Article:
American translation of contemporary Chinese fiction appears to be the lonely province of one man, Howard Goldblatt, the founding editor of Modern Chinese Literature and a professor currently at the University of Notre Dame. Goldblatt’s midwifery has recently given us two novels by mainland authors: “My Life as Emperor,” by Su Tong (Hyperion East; $24.95), and “Big Breasts & Wide Hips,” by Mo Yan (Arcade; $27). Mo Yan’s “Red Sorghum,” which Goldblatt translated in 1993, won considerable notice and the hopeful remark from the Chinese-American author Amy Tan that “Mo Yan’s voice will find its way into the heart of the American reader, just as Kundera and García Márquez have.” Well, that’s a tough old heart, and I’m not sure the Chinese are ready to crack it yet.

More here.

Science and Nature censoring debate on global warming?

Robert Matthews in the Daily Telegraph:

Two of the world’s leading scientific journals have come under fire from researchers for refusing to publish papers which challenge fashionable wisdom over global warming.

A British authority on natural catastrophes who disputed whether climatologists really agree that the Earth is getting warmer because of human activity, says his work was rejected by the American publication, Science, on the flimsiest of grounds.

A separate team of climate scientists, which was regularly used by Science and the journal Nature to review papers on the progress of global warming, said it was dropped after attempting to publish its own research which raised doubts over the issue.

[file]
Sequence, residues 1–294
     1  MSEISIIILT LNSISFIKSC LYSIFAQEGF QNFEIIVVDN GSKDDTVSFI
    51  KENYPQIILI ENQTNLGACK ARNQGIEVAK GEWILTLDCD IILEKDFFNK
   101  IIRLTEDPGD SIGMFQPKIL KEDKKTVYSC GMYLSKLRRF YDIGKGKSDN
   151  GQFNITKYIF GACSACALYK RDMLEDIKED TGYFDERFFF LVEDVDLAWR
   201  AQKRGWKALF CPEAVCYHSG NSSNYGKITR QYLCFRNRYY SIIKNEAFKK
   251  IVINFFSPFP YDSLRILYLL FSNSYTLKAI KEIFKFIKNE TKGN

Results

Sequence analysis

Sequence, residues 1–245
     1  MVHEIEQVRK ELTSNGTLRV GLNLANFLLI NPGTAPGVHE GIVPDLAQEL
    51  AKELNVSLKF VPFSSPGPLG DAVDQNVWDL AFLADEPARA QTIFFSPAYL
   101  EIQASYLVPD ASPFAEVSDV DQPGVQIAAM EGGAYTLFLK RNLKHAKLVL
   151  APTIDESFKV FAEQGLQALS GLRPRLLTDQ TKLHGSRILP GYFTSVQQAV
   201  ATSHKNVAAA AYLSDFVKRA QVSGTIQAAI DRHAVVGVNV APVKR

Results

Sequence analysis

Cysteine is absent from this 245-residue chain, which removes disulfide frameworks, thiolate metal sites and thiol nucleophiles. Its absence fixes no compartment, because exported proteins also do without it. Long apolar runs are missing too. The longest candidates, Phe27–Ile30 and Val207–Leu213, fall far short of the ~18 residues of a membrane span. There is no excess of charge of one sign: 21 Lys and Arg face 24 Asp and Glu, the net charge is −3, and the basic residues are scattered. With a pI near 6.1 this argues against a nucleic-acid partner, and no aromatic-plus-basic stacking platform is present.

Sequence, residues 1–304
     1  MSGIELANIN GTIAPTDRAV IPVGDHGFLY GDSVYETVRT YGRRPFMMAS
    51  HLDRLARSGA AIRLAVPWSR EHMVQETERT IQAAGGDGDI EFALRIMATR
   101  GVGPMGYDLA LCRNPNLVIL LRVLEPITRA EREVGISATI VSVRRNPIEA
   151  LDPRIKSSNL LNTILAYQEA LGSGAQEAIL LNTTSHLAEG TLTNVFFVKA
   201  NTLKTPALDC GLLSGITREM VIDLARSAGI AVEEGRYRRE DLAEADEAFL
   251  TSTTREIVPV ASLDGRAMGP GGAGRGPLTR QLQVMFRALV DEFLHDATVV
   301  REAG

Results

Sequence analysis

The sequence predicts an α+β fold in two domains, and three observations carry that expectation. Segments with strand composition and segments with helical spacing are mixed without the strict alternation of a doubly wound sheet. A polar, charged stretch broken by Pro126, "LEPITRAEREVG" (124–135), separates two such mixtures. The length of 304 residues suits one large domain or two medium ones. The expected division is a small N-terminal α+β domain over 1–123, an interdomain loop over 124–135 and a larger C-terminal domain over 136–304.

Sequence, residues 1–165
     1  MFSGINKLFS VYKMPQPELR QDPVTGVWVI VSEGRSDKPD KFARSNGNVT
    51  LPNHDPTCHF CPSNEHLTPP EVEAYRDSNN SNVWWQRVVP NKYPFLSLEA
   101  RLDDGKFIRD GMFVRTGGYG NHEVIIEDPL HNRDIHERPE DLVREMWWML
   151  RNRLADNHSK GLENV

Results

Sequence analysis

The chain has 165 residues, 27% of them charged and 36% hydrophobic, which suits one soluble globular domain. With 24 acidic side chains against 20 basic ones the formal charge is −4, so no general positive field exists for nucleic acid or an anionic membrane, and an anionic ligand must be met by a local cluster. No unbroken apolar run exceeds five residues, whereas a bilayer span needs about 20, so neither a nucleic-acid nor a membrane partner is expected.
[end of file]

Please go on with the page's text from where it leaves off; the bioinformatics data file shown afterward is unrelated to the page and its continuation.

More here.

Bug-eyed lens may mean slimmer camera phones

Will Knight in New Scientist:

DragonflyheadConventional camera lenses cannot be shrunk below a few millimetres in thickness before reducing the field of view. But a compound lens, made from hundreds of tiny “micro lenses”, can be made around one-tenth of the width, while retaining the same field of view and quality of image.

A prototype compound eye, consisting of scores of polymer micro-lenses has now been developed by researchers at the Fraunhofer Institute for Applied Optics and Precision Engineering in Germany, Swiss company SUSS MicroOptics and the University of Neuchâtel in Switzerland.

The 2-millimetre-thick prototype has 21 light-channelling components, each of which contains three separate lenses. Each individual lens points in a slightly different direction and projects part of the image on to a photo sensor. “Each channel is, in effect, a pinhole camera,” says Andreas Bräuer at the Fraunhofer Institute.

More here.

No booze needed for beer goggles

Roxanne Khamsi in Nature: